48 Hours Separated 100 Israelis from Death in New Zealand

One hundred Israeli backpackers were in a Chabad center in New Zealand but left two days before the building collapsed in the earthquake.

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Tzvi Ben Gedalyahu, | updated: 10:56

Aftermath of New Zealand Earthquake
Aftermath of New Zealand Earthquake
Israel news photo: courtesy of Chabad.org

One hundred Israeli backpackers were in a Chabad center in New Zealand but left two days before the building collapsed in last week's lethal earthquake.

Only three Jews were in the Chabad Center in Christchurch when the quake struck. One of them was the center’s director, Rabbi Shmuel Friedman, whose wife Tzipi said saw the roof fall in and then ran without looking back.

At the same time, she was home with her one-year-old son in the Friedman’s fifth-floor apartment. “The ovens came out of the socket, cupboards came down, everything started to fly – I ran to get my son but the floor was shaking back and forth,” she said.

One Israeli, Ofer Mizrachi, of Kibbutz Magal, has been confirmed dead, and two others still are missing. Authorities identified Mizrachi's body Sunday morning. Police have updated the death toll in the disaster to 147, with another 50 not accounted for.

Israel has sent aid to New Zealand in the areas of  sanitation, water purification equipment and temporary shelters.

B'nei Akiva and Chabad have led efforts to help those in need and to rehabilitate the Jewish community, whose synagogue suffered damage and is temporarily closed.

“While there was plenty of food being distributed to the needy we received calls to bring food to a number of Jewish travelers in different shelters around the city, who had not eaten for as long as two days, as the food available had been catered, and not kosher, according to Chabad. Thousands of homes remain without electricity and phone lines.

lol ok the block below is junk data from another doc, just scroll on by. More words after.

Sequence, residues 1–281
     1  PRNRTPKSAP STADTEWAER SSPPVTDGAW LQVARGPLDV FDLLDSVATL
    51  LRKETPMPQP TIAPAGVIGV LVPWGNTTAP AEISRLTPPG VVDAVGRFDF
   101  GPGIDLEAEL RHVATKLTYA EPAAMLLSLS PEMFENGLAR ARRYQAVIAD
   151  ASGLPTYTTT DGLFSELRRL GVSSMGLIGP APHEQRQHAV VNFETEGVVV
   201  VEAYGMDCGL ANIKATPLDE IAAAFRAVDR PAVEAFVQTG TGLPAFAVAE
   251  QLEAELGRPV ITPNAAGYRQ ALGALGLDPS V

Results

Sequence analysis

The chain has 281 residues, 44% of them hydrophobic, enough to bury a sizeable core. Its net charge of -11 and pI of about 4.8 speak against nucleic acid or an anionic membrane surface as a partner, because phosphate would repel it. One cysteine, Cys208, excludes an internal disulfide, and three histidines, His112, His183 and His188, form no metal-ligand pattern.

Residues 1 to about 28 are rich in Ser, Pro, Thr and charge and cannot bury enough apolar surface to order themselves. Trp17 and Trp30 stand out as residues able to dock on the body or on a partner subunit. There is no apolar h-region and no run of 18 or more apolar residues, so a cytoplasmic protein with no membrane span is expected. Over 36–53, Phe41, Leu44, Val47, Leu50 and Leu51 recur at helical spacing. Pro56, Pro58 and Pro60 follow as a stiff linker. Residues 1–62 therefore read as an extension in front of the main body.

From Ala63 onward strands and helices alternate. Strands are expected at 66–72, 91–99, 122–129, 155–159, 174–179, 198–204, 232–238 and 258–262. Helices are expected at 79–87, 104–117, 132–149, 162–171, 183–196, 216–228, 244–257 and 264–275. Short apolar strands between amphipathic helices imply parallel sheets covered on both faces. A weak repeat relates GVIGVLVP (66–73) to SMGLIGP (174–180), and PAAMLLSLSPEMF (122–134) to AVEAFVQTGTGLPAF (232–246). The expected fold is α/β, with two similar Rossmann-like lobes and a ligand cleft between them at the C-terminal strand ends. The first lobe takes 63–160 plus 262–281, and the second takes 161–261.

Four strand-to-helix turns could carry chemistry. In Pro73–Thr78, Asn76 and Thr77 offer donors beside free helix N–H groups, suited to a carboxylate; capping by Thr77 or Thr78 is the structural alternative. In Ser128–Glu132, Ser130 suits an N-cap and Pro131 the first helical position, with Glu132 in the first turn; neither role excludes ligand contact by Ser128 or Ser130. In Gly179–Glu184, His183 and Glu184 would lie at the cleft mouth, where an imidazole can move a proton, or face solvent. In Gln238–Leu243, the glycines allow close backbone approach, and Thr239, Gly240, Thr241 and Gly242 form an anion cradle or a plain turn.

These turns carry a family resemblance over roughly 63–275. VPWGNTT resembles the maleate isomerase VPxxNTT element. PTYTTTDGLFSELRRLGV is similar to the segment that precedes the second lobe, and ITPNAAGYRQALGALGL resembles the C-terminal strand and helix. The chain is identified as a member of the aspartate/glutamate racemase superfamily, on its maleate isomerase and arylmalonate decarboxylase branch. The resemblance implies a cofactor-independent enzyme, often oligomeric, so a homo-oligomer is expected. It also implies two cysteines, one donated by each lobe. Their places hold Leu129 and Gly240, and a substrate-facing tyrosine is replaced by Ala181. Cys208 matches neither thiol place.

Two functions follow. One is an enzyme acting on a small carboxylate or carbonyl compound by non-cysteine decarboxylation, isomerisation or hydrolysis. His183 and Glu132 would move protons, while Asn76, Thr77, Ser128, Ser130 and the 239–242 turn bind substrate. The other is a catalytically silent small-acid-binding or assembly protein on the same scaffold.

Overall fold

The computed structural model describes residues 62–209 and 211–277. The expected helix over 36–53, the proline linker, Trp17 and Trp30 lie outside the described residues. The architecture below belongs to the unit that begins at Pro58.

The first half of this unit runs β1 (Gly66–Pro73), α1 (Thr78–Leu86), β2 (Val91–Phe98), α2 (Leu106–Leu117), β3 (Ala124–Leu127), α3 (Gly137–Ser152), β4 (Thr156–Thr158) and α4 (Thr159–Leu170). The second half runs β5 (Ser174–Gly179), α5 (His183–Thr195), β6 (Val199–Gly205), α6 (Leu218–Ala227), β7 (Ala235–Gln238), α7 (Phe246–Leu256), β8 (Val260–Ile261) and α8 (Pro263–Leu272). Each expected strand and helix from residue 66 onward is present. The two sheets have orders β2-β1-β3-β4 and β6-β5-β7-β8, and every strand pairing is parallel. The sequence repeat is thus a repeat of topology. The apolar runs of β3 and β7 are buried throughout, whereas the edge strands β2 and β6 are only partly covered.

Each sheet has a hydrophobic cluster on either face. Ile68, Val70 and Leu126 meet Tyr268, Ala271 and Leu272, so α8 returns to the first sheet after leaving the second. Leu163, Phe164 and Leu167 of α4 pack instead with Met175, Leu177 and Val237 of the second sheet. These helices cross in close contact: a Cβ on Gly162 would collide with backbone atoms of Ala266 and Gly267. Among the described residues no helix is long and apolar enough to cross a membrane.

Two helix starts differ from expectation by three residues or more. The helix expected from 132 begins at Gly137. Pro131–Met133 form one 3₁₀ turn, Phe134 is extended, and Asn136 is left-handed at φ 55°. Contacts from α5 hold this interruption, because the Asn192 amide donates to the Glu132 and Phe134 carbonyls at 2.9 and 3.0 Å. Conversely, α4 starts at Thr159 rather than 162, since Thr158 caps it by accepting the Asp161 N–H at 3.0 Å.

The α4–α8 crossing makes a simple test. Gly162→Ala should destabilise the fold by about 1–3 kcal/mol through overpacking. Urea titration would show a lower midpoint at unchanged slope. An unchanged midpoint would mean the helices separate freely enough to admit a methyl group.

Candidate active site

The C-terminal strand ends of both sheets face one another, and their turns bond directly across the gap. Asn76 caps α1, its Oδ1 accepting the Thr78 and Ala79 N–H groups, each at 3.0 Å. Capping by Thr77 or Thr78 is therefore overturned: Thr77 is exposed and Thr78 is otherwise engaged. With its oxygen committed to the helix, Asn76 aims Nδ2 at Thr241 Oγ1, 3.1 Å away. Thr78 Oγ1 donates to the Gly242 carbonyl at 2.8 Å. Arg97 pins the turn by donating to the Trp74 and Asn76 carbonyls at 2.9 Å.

B’nei Akiva has launched  a worldwide fundraising campaign, said its New Zealand emissary Moshe Na-Or, who added that the extent of the damage to the synagogue still is not known.

Israel’s Ambassador to New Zealand, Shemi Tzur,  wrote the country’s Jewish leaders, “Emergency centers monitoring the ongoing situation have been set up at the Ministry of Foreign Affairs in Jerusalem and at the Israeli Embassy here in Wellington…

“Our Embassy is working around the clock to deal with the situation, especially in respect of visiting Israelis whose documentation was lost in the chaos. I spent all of this past Thursday in Christchurch – it was a singularly distressing visit…

“In respect of the Christchurch Jewish community, I spoke with the former community president, Betina Wallace, who assured me that all registered members have been accounted for. The synagogue was, however, lightly damaged and would be closed until further notice.”